Essential Budgeting & Planning System Components – Part 5: Tactical Planning Dashboards with Visualizationsby Dwight deVera
For my final post in this series, I’ll cover tactical planning dashboards as a component that shows planners where they can make the changes that have the biggest impact on the plan.
Data visualization has struck a chord with many executive decision-makers as a way to condense large amounts of information, format it in a way that’s easy to digest and understand, and most importantly, reveal vital business insights that can help them make better decisions. Thankfully, visualizations are not reserved for executive decision-makers; similar types of visualizations can be beneficial for planning managers too.
Planning dashboards allow planners to see the whole picture at a glance, determine whether their plans are favorable or not, and provide guidance for where to direct their attention. When budgets are out of alignment or plans are going astray as the year progresses, the visualizations on a planning dashboard say, “look exactly here – this is your problem – this is where you can make an adjustment that will have a real impact – the other changes you’re going to make are a waste of time.”
If you weren’t already familiar with what to look for when buying budgeting and planning software, tuning into this series has shown you that it’s a long list! There are many capabilities that should be considered essential to your system. So far I’ve covered the importance of workflow, spreading, and offline planning. Today I’ll explain why supporting detail and commentary should to be added to the mix.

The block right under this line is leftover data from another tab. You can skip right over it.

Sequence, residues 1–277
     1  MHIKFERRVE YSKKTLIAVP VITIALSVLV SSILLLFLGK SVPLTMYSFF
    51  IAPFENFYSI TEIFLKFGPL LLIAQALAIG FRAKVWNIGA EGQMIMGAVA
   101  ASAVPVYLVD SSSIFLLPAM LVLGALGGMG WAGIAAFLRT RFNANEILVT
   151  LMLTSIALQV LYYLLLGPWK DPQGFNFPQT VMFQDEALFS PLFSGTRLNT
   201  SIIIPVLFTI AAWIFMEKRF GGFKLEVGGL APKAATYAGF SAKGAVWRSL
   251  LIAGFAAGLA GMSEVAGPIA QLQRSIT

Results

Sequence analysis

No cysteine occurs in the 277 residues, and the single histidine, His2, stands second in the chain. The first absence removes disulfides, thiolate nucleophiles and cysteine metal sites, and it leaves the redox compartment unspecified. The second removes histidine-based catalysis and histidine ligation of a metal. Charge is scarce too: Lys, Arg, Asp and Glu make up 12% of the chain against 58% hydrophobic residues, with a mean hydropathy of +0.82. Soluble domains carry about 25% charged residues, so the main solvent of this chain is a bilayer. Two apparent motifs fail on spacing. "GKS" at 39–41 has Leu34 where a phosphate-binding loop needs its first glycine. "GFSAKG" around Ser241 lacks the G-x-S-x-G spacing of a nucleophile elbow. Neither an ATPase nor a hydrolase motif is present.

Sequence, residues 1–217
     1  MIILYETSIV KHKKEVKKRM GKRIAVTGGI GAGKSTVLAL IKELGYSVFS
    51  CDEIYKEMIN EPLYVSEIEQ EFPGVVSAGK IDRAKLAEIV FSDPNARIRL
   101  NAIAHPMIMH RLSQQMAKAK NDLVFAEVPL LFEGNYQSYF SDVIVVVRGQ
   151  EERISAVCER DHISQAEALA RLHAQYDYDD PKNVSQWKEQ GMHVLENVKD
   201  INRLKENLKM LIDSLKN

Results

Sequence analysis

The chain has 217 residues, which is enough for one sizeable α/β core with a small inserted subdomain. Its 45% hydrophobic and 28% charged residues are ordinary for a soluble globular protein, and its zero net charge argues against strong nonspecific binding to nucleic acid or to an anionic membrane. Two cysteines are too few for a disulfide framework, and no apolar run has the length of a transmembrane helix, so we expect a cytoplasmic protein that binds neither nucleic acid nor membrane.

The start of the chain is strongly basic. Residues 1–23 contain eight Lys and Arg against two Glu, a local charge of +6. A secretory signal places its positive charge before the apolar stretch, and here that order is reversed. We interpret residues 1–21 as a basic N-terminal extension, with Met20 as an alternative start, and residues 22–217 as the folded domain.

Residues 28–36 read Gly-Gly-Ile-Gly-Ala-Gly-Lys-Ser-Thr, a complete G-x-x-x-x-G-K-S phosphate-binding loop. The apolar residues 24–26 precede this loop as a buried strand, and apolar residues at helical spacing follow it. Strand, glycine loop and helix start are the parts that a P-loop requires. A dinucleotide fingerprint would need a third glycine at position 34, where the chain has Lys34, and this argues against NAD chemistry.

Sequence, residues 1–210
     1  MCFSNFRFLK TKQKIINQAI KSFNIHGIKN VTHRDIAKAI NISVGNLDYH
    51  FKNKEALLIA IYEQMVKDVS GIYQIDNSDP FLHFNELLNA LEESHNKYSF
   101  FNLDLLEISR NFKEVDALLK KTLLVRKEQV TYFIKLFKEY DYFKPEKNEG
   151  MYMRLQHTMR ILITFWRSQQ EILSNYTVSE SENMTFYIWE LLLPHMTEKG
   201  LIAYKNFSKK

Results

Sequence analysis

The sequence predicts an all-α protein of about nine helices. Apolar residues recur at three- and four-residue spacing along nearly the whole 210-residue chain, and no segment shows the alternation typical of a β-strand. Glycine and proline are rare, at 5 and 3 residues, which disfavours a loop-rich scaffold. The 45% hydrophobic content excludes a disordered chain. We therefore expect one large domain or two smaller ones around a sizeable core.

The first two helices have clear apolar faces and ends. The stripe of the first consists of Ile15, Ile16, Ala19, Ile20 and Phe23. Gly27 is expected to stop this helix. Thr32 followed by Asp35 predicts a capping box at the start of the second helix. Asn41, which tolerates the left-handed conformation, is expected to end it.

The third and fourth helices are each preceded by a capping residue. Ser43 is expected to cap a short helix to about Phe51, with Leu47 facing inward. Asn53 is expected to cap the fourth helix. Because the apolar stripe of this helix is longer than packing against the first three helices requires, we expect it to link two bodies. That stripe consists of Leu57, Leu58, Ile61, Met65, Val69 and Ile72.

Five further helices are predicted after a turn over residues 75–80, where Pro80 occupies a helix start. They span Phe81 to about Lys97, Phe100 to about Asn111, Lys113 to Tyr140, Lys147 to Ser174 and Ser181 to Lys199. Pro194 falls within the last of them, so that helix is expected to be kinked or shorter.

Supporting detail is the content that supports the plan data existing below the system grain. The system grain may be the department, account or cost center level. Supporting details tell an additive story that literally supports the higher level numbers in the plan.
A couple of use cases for supporting detail: (1) Depending on how large your organization is, sometimes the submitted budget values are fairly large numbers. For instance, the finance director may question why you, the VP of Sales, have asked for $250,000 in travel and entertainment expenses for the 2013 budget. Supporting detail capability gives you the opportunity to tell that story below the account level and explain what makes up that number.
So far in this series – a planning software buyer’s guide – I’ve written about the benefits of workflow and the interesting ways our customers are using spreading to automate plan creation. Today I’ll address another key component of modern planning systems: offline planning, which is particularly helpful for a geographically distributed workforce.